Shared hosting vs. Roll my own

I am at a crossroads with my neighborhood association’s electronic presence.

Currently it consists of:

  • A simple static HTML site hosted through my Beginner shared hosting plan, the same where this blog is hosted.
  • Five different Google Groups: announcements, discuss (everyone can contribute), mom’s club, recipe club, and association leadership.

I have an opportunity to use my own server to host all these features and some more. At first glance, this seems appealing, but it is so cut-and-dried:

Feature Shared Hosting or Google Groups Ubuntu server
What I have to maintain Web applications at and the five Google Groups. Web applications plus:

It all runs as a Hyper-V virtual machine on a Windows 2008 server that I don’t have to maintain.

Technical prowess of maintainer Generally expert maintenance. I am well experienced and degreed as IT staff and can work my way around Linux systems pretty well, but I am not a Linux expert. I will have to trust Ubuntu’s and its supported packages’ default configurations and heavily rely on the aptitude package manager.I only have academic knowledge of advanced security methods like chroot.
Support quality 1and1 can be flaky, but with enough piddling with support, the problem will be solved. Google has no support to speak of, but their stuff usually just works.
Security Tight security commensurate with shared hosting.
Error handling Difficult since I cannot see the Apache logs. Since I have full control over the server, I can control my own Apache logs.
Flexibility Limited to what 1and1 or Google Groups will allow me to do. That being said, I still have tremendous flexibility within their packages. Full control, but in some cases, like with Mailman, the best available software is primitive and feature-poor (see below).
Control over data Web hosts occasionally terminate hosting for arbitrary reasons, although likelihood is probably minimal given the uncontroversial content. Furthermore, there are avenues of recourse since I am a paying customer.Google Groups is a wild card. We are not paying, and their standards for what constitutes a spammer is arbitrary. If too many complaints gets lodged against any of my 5 groups, they could be deleted. I guess as long as I regularly download copies of their respective membership lists, I have an “out”? Full ownership (if backups regularly happen).
Hardware redundancy Reasonable. I have only encountered a few brief outages with 1and1. Zero, although server owner plans to sell some services he will provide on the Windows 2008 master machine, so he has incentive to keep it working.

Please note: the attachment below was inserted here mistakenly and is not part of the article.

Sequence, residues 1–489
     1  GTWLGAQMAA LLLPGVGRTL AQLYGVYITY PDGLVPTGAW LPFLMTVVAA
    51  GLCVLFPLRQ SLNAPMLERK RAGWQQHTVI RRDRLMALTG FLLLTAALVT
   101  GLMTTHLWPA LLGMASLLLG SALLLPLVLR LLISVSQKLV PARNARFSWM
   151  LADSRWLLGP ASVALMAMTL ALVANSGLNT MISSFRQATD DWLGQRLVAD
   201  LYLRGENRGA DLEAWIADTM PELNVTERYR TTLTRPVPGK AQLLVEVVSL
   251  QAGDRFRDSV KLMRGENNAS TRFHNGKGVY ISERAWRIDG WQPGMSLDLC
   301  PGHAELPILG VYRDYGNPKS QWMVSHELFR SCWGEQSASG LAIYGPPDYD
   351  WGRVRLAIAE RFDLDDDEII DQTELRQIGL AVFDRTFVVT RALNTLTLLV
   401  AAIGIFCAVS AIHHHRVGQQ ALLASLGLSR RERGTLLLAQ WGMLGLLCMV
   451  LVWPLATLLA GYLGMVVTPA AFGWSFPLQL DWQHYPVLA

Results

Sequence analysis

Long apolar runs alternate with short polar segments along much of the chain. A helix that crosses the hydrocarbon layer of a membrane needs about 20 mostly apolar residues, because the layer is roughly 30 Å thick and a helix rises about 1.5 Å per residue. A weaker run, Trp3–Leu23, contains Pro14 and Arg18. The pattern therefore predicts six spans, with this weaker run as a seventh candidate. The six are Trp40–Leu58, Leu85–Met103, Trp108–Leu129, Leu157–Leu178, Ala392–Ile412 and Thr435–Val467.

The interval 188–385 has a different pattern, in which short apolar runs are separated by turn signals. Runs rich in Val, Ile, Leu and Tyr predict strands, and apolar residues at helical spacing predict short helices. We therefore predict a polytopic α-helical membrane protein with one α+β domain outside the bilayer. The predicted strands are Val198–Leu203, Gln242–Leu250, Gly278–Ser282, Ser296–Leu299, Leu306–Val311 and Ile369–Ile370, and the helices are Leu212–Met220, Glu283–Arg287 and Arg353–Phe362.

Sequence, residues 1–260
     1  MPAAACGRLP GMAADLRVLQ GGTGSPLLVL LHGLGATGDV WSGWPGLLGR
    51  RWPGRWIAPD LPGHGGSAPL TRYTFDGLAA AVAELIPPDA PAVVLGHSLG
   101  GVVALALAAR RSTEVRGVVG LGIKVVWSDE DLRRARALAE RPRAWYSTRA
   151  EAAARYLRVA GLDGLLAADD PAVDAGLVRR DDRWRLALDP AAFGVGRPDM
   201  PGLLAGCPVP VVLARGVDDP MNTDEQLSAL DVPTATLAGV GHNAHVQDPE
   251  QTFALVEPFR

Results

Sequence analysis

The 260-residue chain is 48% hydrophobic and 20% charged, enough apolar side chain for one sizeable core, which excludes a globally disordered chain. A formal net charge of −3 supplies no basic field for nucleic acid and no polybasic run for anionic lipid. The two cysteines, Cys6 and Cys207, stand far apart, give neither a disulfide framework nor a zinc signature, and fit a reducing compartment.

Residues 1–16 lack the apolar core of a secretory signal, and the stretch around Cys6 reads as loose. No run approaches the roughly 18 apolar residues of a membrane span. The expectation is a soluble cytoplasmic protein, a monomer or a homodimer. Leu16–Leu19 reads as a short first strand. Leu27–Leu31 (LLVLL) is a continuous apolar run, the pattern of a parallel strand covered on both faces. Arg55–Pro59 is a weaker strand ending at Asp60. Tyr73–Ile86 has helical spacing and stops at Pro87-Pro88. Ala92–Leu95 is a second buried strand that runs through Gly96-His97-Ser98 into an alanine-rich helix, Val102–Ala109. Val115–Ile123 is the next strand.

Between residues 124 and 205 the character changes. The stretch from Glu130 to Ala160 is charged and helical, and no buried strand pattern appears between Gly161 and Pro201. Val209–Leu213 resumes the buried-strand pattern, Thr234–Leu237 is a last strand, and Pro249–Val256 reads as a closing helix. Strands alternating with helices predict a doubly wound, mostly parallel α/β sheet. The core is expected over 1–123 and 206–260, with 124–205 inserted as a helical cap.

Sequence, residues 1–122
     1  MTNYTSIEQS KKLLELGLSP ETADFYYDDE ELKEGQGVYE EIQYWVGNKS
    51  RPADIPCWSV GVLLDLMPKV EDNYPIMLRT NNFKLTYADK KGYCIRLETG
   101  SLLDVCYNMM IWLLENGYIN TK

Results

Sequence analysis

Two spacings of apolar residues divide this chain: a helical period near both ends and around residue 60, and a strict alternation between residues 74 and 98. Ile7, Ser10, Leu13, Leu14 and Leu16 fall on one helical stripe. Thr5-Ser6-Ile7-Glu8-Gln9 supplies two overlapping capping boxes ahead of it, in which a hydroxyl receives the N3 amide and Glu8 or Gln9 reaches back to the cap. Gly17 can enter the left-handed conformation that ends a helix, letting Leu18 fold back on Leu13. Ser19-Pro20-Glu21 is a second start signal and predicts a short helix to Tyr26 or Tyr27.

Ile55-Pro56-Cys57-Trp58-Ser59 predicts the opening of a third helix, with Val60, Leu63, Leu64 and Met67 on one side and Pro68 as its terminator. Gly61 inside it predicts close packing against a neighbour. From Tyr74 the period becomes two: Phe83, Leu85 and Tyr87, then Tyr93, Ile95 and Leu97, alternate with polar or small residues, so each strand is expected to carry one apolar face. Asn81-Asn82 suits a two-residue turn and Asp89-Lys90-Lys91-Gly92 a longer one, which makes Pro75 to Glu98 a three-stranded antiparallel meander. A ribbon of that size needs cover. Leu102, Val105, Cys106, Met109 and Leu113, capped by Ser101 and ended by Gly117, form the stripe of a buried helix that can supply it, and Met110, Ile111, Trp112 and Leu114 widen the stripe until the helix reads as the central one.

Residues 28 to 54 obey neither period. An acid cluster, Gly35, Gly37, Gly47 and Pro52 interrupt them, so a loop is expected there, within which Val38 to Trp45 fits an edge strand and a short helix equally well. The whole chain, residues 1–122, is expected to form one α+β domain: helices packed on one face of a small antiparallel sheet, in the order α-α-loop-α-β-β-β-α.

Data storage limit 10GB currently, but a 120GB plan is just $1 more per month. Currently 34GB. Additional space may be trickier to add and could more closely parallel actual cost of equipment (versus $1 per month).
Outages Both 1and1 and Google Groups have had minimal outages. Not sure if either would get past “three nines,” but that is plenty for my purposes. Outages and duration thereof could be more likely given lack of redundancy and overbooked and only mildly competent support staff (me).
Passing the torch (I won’t be system admin forever!) Easier since I can turn over Google Groups management to someone else and could theoretically send all stuff hosted at 1and1 to someone else for hosting at his own shared account. More difficult because, again, I will be the only support staff. I can act in a server admin role, though.
Server speed 1and1’s speeds usually acceptable. They used to drag a lot but they are getting progressively better. Very fast.
Ability to support upcoming camera monitoring project Will be a challenge with 1and1 due to how there is only 1 FTP username/password per customer account. Fully customizable.
General email list functionality Pretty good with Google Groups for announce-only or run of the mill lists. Some users have complained of not receiving emails, but nobody has been able to substantiate problems, so these may not be valid gripes. Mailman appears to be the best option, and it’s simultaneously primitive and too option-rich.For example, it’s not possible to set up an announce-only list. Yes, you can change some configuration options to emulate one, but you still have to set each new user’s moderate flag.Mailman’s user interface sucks! Give me Lyris any day!

Majordomo is not an option. I will not run a program that hasn’t been developed in 8 years.

Phplist may be an option, but that is yet another program to support! And it’s not supported directly by the Ubuntu project.

Emergency SMS alert list functionality Google Groups probably isn’t right for this. There’s no way to turn off the footer, so even a blank message will exceed the 160 byte SMS message boundary. Mailman may be an option (albeit with the above difficulties concerning announce-only lists), but phplist may also work. But that would be yet another stinking program to install!
Backup Regular. Probably sporadic and not automated.
Time commitment Baseline. Baseline plus time to maintain all components and support system. Could be significant if package upgrades increase commitment. However, if packages are “set and forget”, then commitment can be trivial.

The argument gets even more abstract.

What’s the best way to ensure I can pass the torch to someone else? To not even use my own software. That means the correct option is “none of the above.”

There is already a service called Some adjacent neighborhoods use this company. For example, Little Forest Hills. Why not use this? Sure, it’s kind of ugly. Sure, it’s feature poor, and it looks kludgy. But will it “get the information out”, do it for the least possible effort, and increase continuity? Yes, yes, and yes!

This is a tough decision.

Leave a Reply

Your email address will not be published. Required fields are marked *